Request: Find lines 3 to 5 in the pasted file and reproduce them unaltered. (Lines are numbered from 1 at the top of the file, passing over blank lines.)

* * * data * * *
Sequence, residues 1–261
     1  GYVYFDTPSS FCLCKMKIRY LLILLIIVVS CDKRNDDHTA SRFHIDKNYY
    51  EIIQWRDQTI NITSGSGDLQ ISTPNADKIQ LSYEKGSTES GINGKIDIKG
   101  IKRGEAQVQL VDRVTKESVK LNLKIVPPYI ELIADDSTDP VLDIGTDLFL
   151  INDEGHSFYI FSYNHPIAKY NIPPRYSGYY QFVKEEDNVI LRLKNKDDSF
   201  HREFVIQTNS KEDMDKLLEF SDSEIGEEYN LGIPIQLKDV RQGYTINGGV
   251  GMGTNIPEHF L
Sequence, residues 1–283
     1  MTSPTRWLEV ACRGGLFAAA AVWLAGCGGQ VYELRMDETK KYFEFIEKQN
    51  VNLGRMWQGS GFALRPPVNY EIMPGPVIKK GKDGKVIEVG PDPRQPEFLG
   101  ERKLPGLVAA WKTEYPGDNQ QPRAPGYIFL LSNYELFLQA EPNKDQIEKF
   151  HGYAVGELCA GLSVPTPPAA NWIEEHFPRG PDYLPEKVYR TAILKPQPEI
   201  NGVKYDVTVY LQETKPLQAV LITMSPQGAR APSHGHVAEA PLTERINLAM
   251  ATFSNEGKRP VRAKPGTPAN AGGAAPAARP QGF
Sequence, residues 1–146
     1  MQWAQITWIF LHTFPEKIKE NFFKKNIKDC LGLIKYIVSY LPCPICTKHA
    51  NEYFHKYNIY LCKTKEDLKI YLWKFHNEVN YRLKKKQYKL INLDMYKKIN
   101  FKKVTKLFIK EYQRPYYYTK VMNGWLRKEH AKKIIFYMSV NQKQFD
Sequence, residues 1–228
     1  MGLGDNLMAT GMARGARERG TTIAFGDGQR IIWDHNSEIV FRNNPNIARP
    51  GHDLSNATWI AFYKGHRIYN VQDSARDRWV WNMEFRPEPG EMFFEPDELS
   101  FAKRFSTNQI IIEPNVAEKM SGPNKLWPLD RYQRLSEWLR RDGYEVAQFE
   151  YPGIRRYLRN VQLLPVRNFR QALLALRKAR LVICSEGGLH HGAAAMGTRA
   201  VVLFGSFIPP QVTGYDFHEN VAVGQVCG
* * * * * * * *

    51  EIIQWRDQTI NITSGSGDLQ ISTPNADKIQ LSYEKGSTES GINGKIDIKG
   101  IKRGEAQVQL VDRVTKESVK LNLKIVPPYI ELIADDSTDP VLDIGTDLFL
   151  INDEGHSFYI FSYNHPIAKY NIPPRYSGYY QFVKEEDNVI LRLKNKDDSF